Hidden Garden Steps: Helping Our Gardens Grow

While the drought continues to take its toll, the gardens on either side of Aileen Barr and Colette Crutcher’s 148-step ceramic-tile mosaic on the Hidden Garden Steps are thriving thanks to the love and attention they are receiving from Steps volunteers and donors.

Steps volunteer Barbara Meli planting succulents

Steps volunteer Barbara Meli planting succulents

Volunteers continue to meet for planting and maintenance on the second Saturday of each month from 1 – 3 pm onsite (16th Avenue, between Kirkham and Lawton streets in San Francisco’s Inner Sunset District)—the next gathering, open to new and returning volunteers, will take place on September 13, 2014. And when we convene this month, we’ll have plenty to celebrate, and plenty to do.

A large donation of succulents, arranged by project volunteer Barbara Meli, helped plug several gaps in the gardens earlier this week, and more plants from the same neighborhood donor are on the way.

Bill DiFrancisco amid plants on Harry Street Stairs

Bill DiFrancisco amid plants on Harry Street Stairs

Equally exciting is the continuing expansion of our Steps garden donor base through collaborations with volunteers in other parts of San Francisco. Former garden-shop owner Bill DiFrancisco, for example, has provided more than a dozen succulents taken from a site he helps maintain along the Harry Street Stairs, located between Laidley and Beacon in San Francisco’s Glen Park neighborhood. This donation came about when a couple of us involved with the Hidden Garden Steps met Bill on the Harry Steps recently and ended up comparing notes about plantings in these urban public settings. His need to thin some of his plants was a perfect match for the need for additional drought-tolerant plants on the Hidden Garden Steps site, so several bags of succulents made their way across town this morning for planting on Saturday.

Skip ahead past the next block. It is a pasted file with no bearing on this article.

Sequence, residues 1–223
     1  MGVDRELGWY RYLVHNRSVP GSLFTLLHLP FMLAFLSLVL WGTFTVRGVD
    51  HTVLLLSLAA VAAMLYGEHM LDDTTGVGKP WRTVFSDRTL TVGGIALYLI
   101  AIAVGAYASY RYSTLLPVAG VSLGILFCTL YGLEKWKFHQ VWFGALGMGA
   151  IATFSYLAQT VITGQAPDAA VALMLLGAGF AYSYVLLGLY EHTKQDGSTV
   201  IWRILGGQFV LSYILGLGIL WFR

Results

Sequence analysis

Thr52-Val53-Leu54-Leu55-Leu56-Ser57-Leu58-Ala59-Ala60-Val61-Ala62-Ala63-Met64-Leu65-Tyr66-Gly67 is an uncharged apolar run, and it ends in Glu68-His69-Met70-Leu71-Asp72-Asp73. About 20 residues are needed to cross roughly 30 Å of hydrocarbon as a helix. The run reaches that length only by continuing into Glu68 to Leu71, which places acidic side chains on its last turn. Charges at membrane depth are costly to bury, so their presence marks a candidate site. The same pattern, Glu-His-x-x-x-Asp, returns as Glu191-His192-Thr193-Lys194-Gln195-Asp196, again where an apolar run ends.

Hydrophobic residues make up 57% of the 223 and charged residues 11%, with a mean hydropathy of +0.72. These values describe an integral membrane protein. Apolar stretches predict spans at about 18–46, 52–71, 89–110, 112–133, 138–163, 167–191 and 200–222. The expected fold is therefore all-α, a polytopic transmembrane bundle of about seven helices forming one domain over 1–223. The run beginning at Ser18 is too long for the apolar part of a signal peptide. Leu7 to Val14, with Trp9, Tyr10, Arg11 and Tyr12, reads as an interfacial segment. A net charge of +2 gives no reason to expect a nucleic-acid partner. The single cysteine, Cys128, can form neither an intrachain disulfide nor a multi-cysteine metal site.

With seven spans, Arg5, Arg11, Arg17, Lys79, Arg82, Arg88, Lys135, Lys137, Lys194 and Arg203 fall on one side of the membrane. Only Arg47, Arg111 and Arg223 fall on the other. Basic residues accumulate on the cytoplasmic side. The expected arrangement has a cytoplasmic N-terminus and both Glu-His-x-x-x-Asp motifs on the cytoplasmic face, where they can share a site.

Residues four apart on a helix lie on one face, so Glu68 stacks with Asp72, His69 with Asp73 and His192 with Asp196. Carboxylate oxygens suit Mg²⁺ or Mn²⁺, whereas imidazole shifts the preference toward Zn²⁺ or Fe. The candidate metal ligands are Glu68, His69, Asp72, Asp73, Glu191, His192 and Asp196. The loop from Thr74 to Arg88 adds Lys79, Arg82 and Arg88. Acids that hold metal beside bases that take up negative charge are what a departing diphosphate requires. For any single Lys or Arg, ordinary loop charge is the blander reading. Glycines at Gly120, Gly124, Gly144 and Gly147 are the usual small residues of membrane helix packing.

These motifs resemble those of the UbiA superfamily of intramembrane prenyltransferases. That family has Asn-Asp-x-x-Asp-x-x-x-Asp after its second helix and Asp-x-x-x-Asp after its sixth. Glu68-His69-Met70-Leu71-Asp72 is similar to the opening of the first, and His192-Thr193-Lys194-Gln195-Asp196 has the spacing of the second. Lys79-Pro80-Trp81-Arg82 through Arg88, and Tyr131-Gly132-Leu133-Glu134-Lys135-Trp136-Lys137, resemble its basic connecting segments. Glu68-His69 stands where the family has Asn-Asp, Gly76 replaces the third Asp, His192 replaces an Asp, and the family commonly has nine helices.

To join the Friends of the Hidden Garden Steps’ gardening efforts or for more information about the Hidden Garden Steps and the Friends of the Hidden Garden Steps, please visit the project website at http://hiddengardensteps.org and the Friends blog at https://hiddengardensteps.wordpress.com.

 

 

Hidden Garden Steps: Via and Visitors

September began with a noticeable increase in the number of people visiting the Hidden Garden Steps, thanks to a one-line mention in Kristina Malsberger’s “Secrets of San Francisco” article in the September-October 2014 issue of Via magazine in print and online.

HGS--Via_Cover--2014-09-11The article is a wonderful combination of brief write-ups of “superstar” sites (e.g., the Golden Gate Bridge, Golden Gate Park, and the Filbert Steps, with its set of gardens—the Grace Marchant Gardens—that indirectly influenced the gardens around the Hidden Garden Steps) accompanied by photographs and longer features about “don’t miss” sites around the city. Mount Sutro (along the edge of the Inner Sunset District), for example, is the “don’t miss” feature connected to the brief mention of Golden Gate Park, and the 16th Avenue Tiles Steps/Moraga Steps (on Moraga Street, between 15th and 16th avenues here in the Inner Sunset) is the “don’t-miss” feature connected to the mention of the Filbert Steps and the Grace Marchant Gardens.